To the society and Victor he was but to the viewer, he was only a helpless creator who lost his way. Victor Frankenstein shows that experimenting with the work of God or nature is immoral and will only end in corruption. No one can play God. The movie shows that a person who chases notoriety for his or her own personal intentions may find the consequences of their actions to be truly demoralizing, causing him to become the monster more than his creation. His faults in his creation lead to his demise.
Mary Shelley’s novel Frankenstein centers around a creator who rejects his own creation. The plot thickens as Victor Frankenstein turns his back on his creation out of fear and regret. The monster is cast out alone to figure out the world and as a result of a life with no love, he turns evil. Shelley seems to urge the reader to try a relate with this monster and avoid just seeing him as an evil being beyond repentance. There is no doubt that the monster is in fact evil; however, the monster’s evilness stems from rejection from his creator.
He is neglected because of his creator. The monster says “The hateful day when I received life! I accurse my creator. Why did you form a monster so hideous that even you turned from me in disgust?” Victor is wholly at fault for his actions, image and evil. When Victor flees the creature, he becomes lonely and unhappy.
After the monster awakes from his death, Victor is "unable to endure the aspect of the being [he] created, [he] rushed out of ... ... middle of paper ... ...l, Victors great need for knowledge and his rage toward the monster led to the death of all he loved, the being he devoted his life to, and himself. Victor is seen as the true tragic hero because his intentions for making the monster were not harmful but his need for revenge and his want for knowledge led to his downfall. The monster could also be seen as a tragic hero in the view that the monster did not wish to turn into such a beast. He once was good but his resentment to society caused him to turn evil, he only wanted to be accepted. Mary Shelley's lesson to her reads is too much ambition can lead to your destruction, and she represents this threw Victor in the way that no scientific discovery is worth sacrificing yours and others lives.
Personal choice showed no mercy to Victor for his fiendish actions, and punished him for severely for them. The punishment he received was entirely deserved due to the way he treated his creation. Victor was relentless in the way that he treated his creation and because of this suffered deeply. Victor learned how deadly personal choice was the hard way as he watched helplessly as everyone that he loved died before his very eyes. His choices caused him to go mad with grief, and to be filled with the need for revenge when in fact he should have realized that he only had himself to blame.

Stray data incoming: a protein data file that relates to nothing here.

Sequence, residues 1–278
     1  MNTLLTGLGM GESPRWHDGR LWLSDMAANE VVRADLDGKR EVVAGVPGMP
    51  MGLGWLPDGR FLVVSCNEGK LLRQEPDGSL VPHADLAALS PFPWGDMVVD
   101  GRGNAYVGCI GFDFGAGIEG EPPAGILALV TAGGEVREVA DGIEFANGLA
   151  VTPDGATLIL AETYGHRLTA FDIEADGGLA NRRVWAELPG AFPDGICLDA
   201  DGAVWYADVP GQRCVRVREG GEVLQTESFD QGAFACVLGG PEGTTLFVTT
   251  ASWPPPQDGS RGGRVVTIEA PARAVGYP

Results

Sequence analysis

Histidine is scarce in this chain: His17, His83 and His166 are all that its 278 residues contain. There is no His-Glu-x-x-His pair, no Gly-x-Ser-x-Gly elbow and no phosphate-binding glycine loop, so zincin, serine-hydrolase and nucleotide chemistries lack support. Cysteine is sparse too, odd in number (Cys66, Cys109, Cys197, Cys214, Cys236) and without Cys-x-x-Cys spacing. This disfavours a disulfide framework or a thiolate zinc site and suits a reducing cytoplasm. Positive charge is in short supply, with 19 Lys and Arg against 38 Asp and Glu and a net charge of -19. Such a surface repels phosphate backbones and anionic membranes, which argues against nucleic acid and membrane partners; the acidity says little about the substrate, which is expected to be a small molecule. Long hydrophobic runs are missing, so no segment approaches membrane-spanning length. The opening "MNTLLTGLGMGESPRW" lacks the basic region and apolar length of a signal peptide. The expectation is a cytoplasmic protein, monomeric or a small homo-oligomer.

The character of Victor Frankenstein illustrates the path of destruction scientists can create when ignoring their moral community. Individuals, who possess good ambition for knowledge, power, self-perfection, and strength in one’s society, are vulnerable to their own delusions and instability, to corruption, fate, and nature. Victor was so impassioned with his life’s work that he had lost all soul or sensation but for this one pursuit (Shelley 32). Frankenstein’s blinding ambition prevented him from seeing the potential consequences of his actions until it was to late. The first sign of Victor’s fatal flaw of egotism in that he has forgotten the bond he has with nature and to the people he loves.
Victor could have easily betrayed the monster he created out of pure fear and horror, but it doesn’t make a difference to the matter of him betraying something that has no one else to depend on but its own creator. This act of betrayal shows a lot about Victor’s personal characteristics; it reveals the true monster inside of him. The Creature himself is also innocent: deserted by his fickle creator, he must fight for his survival in a hateful world. In classic tragic style, the novel ends with the tortured protagonist’s downfall and an ominous, unknown future for the remaining
However the damage caused by his period of solitude had already been done and the pathway to evil and hatred became inevitable, and in the ensuing months, led to the demise of his entire family and his friend Clerval. This resulted in his bereavement, another example of how isolation is a terrible fate. Then Frankenstein dedicated the rest of his days to the path of evil by seeking vengeance against the monster. As a result, his isolation from society and family ultimately became the root of his evil and hatred. Frankenstein’s isolation resulted in his creation of his monster.
Sometimes it is easier not to know what you are missing, than to realize what you had once it is taken away. The monster of Frankenstein suffered endless trails of bitter rejection which lead to his final rejection of Victor. His original lack of knowledge ignited a curiosity which played a pivotal role in his downfall. Satan, though a prideful character, also suffered a rejection that drove him to seek revenge on his creator. Curiosity enabled Satan to tempt Adam and Eve to turn away from God.
The two are united by "the closest friendship" ². “Ironically enough, Henry ends up dying by the monster which he ultimately helped Frankenstein hide.” ¹ This is a clear example of Frankenstein’s lack of responsibility. He uses his childhood friend, who was always the... ... middle of paper ... ...nster with all the tools necessary to function and act as a human being, except he gave him no humanity. He hardly looked at the monster, as did many others, and this affected him in ways which resulted in his volatile actions. He went from being benevolent to full of vengeance, all because of his deeprooted hatred for Victor Frankenstein.